Part A, as you point out, is really direct censorship.  Part B is self-censorship (out of a sense of self-preservation) because of the "chilling effect" of Part A.  In that case, the decision about what gets censored is made by the journalists themselves.

by the stormy present (stormypresent aaaaaaat gmail etc) on Tue Jun 26th, 2007 at 06:37:44 AM EST
[ Parent ]
To be honest, I am struggling to see much of a difference apart from the time evolution of the process combined with a distinct ability to fatly bribe the scribes. Oh, and the lack of a central censorship office.
by Fete des fous on Tue Jun 26th, 2007 at 04:38:21 PM EST
[ Parent ]
I'd recommend reading Edward S. Hermann's and Noam Chomsky's Manufacturing Consent, in which they propose a model (called the propaganda model) for manipulating media in what subjects it covers and how it covers those subjects.

Btw, a Wikipedia template/macro would be really nice to have in the next version of Eurotrib, akin to the youtube one. Just a thought.

"The basis of optimism is sheer terror" - Oscar Wilde

by NordicStorm (m<-at->sturmbaum.net) on Tue Jun 26th, 2007 at 05:55:36 PM EST
[ Parent ]
How do you want it to work/look?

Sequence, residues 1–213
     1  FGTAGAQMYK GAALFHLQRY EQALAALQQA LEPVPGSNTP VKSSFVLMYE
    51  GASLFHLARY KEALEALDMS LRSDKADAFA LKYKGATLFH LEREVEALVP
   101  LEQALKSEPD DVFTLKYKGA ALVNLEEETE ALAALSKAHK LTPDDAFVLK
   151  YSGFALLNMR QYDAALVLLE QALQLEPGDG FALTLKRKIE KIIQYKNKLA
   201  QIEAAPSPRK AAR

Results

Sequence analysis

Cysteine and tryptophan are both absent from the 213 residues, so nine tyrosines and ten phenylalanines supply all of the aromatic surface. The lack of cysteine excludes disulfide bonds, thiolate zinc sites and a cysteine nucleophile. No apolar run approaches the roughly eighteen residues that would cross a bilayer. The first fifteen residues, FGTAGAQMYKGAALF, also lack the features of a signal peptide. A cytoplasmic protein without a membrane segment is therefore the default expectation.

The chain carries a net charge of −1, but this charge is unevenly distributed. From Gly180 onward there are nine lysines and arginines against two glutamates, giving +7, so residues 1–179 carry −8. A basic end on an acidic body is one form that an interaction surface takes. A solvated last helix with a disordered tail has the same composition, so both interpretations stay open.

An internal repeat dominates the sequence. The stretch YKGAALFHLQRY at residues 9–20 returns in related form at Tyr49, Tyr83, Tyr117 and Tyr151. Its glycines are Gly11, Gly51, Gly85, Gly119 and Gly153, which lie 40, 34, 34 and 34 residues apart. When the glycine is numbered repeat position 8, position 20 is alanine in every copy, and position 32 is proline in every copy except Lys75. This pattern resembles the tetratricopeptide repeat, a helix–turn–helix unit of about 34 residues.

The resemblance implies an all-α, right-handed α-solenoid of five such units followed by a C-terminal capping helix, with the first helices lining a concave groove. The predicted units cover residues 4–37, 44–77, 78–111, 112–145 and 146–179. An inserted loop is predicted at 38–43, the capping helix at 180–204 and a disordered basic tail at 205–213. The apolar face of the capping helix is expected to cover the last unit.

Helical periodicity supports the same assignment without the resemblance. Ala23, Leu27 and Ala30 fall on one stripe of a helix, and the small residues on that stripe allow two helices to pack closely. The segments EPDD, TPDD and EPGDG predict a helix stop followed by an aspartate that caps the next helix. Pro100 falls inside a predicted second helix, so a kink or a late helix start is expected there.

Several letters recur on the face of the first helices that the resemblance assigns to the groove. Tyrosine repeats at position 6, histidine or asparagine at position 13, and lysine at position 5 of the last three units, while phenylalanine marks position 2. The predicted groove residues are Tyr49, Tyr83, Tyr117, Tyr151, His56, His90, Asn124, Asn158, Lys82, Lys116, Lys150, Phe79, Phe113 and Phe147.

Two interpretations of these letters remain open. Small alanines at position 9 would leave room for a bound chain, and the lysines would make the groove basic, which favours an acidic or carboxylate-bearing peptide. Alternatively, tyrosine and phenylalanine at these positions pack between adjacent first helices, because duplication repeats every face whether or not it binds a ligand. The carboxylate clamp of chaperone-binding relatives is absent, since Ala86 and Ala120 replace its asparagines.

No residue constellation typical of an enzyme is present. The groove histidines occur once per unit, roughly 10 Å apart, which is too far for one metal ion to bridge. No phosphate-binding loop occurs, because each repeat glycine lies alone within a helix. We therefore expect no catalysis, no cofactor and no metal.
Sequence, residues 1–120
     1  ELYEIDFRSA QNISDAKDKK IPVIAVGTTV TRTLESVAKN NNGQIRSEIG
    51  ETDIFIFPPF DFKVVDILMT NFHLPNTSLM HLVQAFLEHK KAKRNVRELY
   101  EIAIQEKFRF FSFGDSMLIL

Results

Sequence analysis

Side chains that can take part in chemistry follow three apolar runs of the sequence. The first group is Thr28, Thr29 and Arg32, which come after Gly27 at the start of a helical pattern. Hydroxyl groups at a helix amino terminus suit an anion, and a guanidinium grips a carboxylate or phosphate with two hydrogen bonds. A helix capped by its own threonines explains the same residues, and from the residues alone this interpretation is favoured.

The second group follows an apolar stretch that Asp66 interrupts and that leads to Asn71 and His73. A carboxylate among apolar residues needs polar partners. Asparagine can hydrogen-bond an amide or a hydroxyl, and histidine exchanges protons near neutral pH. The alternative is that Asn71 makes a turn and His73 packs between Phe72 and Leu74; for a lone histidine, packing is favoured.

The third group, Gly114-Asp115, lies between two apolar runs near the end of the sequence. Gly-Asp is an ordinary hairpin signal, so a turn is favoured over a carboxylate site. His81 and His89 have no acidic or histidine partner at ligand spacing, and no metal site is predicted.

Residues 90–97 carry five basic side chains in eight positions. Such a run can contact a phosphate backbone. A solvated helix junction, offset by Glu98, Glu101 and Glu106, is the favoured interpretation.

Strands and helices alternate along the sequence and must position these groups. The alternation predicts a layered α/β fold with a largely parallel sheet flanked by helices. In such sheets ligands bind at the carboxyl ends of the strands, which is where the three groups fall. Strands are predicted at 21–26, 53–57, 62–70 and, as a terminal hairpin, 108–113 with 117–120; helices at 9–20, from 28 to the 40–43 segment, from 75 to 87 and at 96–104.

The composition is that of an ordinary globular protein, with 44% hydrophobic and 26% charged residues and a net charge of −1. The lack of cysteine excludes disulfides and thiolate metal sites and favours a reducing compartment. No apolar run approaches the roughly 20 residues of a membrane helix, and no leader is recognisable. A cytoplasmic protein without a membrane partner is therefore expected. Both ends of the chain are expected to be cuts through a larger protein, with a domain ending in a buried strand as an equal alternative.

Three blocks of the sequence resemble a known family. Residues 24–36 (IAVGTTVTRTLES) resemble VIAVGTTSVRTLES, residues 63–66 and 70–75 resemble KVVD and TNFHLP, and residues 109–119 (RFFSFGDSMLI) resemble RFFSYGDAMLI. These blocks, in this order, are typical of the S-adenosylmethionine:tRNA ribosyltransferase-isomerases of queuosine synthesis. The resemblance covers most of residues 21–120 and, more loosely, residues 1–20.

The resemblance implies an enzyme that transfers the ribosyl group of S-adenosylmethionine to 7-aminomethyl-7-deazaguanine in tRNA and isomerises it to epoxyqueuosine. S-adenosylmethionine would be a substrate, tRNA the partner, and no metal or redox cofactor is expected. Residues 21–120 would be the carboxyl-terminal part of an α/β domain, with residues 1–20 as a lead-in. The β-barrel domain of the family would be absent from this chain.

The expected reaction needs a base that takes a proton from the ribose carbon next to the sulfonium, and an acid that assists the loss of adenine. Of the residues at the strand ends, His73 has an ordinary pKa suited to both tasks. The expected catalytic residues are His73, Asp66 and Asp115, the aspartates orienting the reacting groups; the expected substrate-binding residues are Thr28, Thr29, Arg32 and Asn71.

*Lunatic*, n.
One whose delusions are out of fashion.
by DoDo on Thu Jun 28th, 2007 at 06:09:07 AM EST
[ Parent ]
How about a DIV or OBJECT tag including the wikipedia page with scroll bars?

The macro should be something like [[wikipedia ...]] where ... is the part after the "wikipedia.org/wiki/" in the URL.

A more international version would have either separate macros for each wikipedia such as [[en.wikipedia ...]] and [[fr.wikipedia]] or a macro with two arguments: [[wikipedia EN ...]], [[wikipedia DE ...]], etc.

Can the last politician to go out the revolving door please turn the lights off?

by Migeru (migeru at eurotrib dot com) on Thu Jun 28th, 2007 at 06:31:41 AM EST
[ Parent ]
I'm waiting for NordicStorm's opinion and then put something together. Tho' I would continue to just use someone's Firefox extension.